Requesting interviews over Twitter: embracing #modernity or a big #fauxpas? Dan Reimold, journalism professor at Tampa University, offers some tips for when you should and should not use Twitter to gather interview subjects.

The ubiquity of social media makes it easy to find celebrities, experts, other journalists, and all kinds of interesting, relevant people on Twitter. Does that mean it's okay to "tweet greet" them, requesting an interview for a story? Not necessarily, writes journalism professor Dan Reimold.

"Are these types of public, quick-hit requests a positive for the campus press — enabling students to show initiative and innovation in reaching out to lots of sources who they might otherwise not have a shot at interviewing? Or is it a devolution of the journalist-source relationship? Simply put, is there an element of rudeness embedded within these opening tweets?"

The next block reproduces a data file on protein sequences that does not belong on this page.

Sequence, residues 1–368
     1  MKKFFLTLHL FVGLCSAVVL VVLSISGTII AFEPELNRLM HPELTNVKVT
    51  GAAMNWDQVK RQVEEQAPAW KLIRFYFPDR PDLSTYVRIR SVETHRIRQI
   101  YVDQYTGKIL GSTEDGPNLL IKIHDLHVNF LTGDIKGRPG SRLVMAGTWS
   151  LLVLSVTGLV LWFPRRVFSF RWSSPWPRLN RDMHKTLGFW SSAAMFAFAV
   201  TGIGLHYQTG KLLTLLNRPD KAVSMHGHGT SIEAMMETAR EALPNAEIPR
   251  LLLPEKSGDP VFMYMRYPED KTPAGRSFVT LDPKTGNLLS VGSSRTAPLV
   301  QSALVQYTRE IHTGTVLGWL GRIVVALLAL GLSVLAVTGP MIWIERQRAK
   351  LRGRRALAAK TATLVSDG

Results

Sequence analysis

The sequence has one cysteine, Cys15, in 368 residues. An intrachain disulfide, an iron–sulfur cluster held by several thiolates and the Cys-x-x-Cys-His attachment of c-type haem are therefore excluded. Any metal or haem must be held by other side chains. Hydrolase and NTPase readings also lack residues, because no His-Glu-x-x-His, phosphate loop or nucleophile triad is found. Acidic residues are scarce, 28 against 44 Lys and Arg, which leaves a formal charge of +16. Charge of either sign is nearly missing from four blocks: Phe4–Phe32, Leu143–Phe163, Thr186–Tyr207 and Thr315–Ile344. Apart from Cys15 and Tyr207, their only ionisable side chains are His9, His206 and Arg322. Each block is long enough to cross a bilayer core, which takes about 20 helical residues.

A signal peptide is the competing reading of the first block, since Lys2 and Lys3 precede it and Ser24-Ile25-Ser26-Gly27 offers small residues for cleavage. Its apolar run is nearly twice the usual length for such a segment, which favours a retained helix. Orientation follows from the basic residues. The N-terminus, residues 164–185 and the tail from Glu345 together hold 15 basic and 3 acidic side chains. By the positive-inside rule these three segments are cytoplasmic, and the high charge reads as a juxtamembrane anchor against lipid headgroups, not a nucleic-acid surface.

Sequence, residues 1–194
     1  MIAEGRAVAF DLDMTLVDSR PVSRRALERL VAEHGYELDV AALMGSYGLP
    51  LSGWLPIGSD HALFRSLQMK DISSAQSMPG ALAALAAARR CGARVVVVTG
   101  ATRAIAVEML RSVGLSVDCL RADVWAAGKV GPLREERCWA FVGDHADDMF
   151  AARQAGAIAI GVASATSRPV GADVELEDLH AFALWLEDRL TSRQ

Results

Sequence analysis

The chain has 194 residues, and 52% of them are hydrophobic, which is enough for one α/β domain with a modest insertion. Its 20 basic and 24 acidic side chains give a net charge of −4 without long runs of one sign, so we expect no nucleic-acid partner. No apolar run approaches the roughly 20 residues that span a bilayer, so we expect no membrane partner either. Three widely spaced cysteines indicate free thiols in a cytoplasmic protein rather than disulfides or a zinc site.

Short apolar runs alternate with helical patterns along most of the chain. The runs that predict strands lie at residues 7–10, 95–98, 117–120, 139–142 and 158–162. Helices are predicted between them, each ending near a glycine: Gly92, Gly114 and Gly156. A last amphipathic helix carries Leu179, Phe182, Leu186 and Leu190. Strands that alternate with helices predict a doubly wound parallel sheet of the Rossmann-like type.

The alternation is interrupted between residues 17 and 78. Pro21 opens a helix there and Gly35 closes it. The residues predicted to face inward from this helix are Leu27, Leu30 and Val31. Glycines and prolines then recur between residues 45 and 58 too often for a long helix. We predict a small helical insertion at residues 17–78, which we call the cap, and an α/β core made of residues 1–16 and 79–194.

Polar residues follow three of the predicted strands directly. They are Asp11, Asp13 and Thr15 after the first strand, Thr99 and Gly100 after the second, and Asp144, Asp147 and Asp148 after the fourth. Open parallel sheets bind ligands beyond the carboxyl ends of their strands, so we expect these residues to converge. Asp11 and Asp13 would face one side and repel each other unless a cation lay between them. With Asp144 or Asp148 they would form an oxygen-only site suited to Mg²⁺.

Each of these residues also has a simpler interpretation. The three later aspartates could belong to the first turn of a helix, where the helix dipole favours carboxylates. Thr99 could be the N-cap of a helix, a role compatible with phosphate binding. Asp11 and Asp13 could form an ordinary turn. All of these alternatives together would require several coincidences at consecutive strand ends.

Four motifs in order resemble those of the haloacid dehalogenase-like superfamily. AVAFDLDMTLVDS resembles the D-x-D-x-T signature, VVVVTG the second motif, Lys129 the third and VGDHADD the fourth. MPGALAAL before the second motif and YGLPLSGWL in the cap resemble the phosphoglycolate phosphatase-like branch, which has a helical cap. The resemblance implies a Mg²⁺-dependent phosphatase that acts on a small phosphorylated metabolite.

I'm guilty of tweet greeting, but I only do so when I've searched all over the Internet for the email address of the person I'd like to interview. Reimold says students shouldn't be lazy when contacting sources.


"Whenever possible, use Twitter as a search engine for sources, not as the first point of contact. Use the information gleaned from a person's tweets or Twitter profile to click on a personal website or blog — or follow up with a search on Google or Facebook to get an actual email address," he writes.

Read Reimold's full commentary (complete with "10 Rules for Tweet Greet Etiquette") here.